By Eric Fry
Sancho Panza, Don Quixote's peasant squire in the classic novel by Cervantes, declared that a wise man should not "venture all his eggs in one basket."
But Warren Buffett famously contradicted that advice. Buffett says, "Put all your eggs in one basket, but watch that basket closely."
Which guy should we trust - the American billionaire or the Spanish peasant?
Buffett made his billions by doing exactly what he advises. He put all of his eggs in one basket and then watched that basket closely. This strategy works brilliantly if your basket happens to be the United States stock market during one of the greatest economic booms the world has ever seen.
As Buffett himself readily admits, he was born in the right place at the right time. "I was born in 1930," he explained to a Fortune reporter a while back. "I won the ovarian lottery. I was born in the United States... I was born white... I was born male... I had all kinds of luck."
Thanks to Buffett's winning "lottery ticket," he launched his investment career near the beginning of a decades-long economic boom... and the American basket treated his eggs very well.
Will the U.S. stock market reward investors as handsomely over the next few decades as it did during the sweet spot of Buffett's career?
Probably not, would be my guess. That's why I'd put my money on the peasant, not the billionaire. There are a couple of very good reasons to toss a few eggs into non-U.S., non-dollar baskets.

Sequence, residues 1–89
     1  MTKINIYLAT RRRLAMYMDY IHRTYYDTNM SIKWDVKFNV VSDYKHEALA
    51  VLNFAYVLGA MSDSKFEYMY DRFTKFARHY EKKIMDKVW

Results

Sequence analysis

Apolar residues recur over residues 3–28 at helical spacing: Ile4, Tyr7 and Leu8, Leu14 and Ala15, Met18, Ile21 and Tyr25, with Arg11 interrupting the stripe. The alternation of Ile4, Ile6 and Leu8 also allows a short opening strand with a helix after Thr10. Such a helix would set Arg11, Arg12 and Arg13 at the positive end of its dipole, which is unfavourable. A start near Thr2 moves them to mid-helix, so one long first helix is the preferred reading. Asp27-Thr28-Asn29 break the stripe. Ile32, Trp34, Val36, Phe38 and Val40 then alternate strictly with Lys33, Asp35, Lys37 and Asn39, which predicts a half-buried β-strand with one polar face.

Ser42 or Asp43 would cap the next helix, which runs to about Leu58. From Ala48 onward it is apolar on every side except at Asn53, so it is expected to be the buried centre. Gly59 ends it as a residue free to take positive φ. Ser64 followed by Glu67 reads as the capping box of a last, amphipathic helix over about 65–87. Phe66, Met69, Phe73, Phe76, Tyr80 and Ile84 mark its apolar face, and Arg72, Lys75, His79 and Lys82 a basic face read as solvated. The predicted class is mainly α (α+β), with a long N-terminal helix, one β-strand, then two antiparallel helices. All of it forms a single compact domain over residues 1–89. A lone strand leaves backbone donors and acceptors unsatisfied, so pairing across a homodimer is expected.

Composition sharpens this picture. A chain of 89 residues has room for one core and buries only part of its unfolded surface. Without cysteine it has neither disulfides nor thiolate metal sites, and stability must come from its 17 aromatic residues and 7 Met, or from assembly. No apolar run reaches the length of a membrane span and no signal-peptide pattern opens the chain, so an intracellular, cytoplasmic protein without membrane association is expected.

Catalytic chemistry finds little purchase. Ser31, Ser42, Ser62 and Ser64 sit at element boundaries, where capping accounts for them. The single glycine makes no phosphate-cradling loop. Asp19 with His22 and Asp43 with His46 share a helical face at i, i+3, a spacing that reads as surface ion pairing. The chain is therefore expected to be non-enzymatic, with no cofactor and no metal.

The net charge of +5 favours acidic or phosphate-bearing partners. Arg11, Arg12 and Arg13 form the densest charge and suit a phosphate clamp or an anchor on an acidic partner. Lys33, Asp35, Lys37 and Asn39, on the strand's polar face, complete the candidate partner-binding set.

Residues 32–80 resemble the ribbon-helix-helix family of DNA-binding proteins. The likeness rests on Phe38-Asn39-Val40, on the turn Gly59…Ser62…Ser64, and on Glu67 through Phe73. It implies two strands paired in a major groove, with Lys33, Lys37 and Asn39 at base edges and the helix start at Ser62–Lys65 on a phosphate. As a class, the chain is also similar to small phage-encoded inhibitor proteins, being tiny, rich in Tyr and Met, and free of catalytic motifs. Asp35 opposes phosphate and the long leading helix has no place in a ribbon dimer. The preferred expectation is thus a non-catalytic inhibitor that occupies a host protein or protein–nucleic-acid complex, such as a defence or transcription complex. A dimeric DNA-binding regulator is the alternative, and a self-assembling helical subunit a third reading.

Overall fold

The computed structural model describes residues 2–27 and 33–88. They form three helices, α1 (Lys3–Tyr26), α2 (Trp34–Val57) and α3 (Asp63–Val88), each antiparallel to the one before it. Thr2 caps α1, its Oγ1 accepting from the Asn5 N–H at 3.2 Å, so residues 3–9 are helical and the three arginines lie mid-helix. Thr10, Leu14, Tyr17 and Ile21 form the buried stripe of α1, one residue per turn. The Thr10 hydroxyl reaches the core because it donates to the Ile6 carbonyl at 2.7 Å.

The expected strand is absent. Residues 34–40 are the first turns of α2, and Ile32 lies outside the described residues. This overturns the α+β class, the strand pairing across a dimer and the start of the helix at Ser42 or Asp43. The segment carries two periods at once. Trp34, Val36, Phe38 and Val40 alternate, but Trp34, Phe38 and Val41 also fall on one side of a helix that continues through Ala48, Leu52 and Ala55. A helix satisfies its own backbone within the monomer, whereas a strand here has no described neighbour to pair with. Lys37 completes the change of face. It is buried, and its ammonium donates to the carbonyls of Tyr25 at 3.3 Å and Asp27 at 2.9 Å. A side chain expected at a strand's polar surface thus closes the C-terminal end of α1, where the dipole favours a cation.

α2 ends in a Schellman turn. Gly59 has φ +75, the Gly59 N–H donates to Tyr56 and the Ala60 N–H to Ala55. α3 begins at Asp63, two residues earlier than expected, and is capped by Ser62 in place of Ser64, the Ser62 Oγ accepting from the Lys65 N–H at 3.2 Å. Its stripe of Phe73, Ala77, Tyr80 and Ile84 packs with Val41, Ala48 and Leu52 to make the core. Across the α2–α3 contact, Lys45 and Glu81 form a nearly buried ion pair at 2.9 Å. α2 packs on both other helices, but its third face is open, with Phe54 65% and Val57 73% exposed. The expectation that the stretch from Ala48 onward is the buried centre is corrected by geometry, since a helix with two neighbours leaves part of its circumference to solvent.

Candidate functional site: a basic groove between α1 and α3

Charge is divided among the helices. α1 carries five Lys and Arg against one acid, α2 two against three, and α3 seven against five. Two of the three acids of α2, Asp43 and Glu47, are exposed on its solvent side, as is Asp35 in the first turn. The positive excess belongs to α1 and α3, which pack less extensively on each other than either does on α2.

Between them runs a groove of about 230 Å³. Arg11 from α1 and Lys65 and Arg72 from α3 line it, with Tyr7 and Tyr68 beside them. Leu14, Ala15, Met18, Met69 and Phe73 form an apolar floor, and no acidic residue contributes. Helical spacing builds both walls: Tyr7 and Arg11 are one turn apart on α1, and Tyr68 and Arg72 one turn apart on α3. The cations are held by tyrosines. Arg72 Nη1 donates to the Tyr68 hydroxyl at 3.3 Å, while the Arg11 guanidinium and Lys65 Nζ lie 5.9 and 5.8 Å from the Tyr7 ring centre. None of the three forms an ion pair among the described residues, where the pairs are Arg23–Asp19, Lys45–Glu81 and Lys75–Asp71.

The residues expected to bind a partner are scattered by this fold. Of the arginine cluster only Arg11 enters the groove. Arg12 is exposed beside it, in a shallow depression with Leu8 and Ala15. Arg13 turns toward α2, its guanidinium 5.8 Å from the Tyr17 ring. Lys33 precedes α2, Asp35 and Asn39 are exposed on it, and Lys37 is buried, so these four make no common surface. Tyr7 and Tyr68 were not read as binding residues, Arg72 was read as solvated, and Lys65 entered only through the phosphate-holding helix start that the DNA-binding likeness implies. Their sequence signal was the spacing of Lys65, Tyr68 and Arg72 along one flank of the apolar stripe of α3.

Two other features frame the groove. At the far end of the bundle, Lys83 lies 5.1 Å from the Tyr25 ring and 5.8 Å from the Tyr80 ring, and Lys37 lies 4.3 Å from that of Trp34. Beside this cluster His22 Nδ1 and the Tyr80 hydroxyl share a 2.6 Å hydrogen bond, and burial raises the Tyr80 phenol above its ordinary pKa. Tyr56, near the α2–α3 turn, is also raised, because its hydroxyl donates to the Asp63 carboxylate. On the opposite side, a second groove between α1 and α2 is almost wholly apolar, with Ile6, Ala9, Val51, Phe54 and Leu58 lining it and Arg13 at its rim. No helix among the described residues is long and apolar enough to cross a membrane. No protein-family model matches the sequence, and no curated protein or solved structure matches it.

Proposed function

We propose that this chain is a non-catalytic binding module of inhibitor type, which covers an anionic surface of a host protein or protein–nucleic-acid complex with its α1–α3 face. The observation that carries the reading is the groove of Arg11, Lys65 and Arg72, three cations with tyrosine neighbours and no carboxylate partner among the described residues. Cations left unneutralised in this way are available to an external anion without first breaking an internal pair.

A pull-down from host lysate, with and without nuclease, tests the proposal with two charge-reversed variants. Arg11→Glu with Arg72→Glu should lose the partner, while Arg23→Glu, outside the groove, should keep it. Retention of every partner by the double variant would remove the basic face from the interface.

Give Your Portfolio a Dose of Diversity
First, America's economic growth over the next three or four decades is unlikely to match its growth during the past three or four decades. Many of the world's emerging markets are likely to post growth rates that tower above the U.S.
Second, the U.S. dollar recently hit a 13-year high. That means foreign stocks are "on sale" in U.S. dollar terms.
The dollar could become even stronger, of course. But weakness seems to be the path of least resistance, especially since the Trump administration has signaled its desire to see the dollar move lower.
Don't panic - a weak dollar isn't all bad. It would "supercharge" the returns you could make from foreign stocks. That's the magic of a falling dollar.
But you don't have to do anything "crazy" or exotic to benefit from dollar weakness. You don't have to wire money to the Cayman Islands and then invest in some far-flung foreign market.
You could simply buy an exchange-traded fund like the iShares MSCI Canada ETF (NYSEARCA:EWC). In fact, I would recommend doing exactly that. If the Canadian dollar strengthens against the U.S. dollar, that would boost its share price.
As we saw eight years ago, it's a win-win.
In the depths of the 2008-2009 global stock market collapse, the Canadian dollar's value fell to a low of US$0.765. Then, over the ensuing 12 months, the Canadian dollar soared 25% against the U.S. dollar.
This huge currency gain, on top of a simultaneous rally in Canadian stocks, powered the fund to achieve total returns of more than 90% between March 2009 and March 2010.
Today, the Canadian dollar is worth just US$0.729 - even lower than it was in the depths of the financial crisis. You don't have to be a math whiz to see the potential upside.
A weakening dollar is nothing to fear. Instead, it's an opportunity to supercharge your investment returns. When a foreign country's stock market and currency rally simultaneously, profits can pile up quickly.
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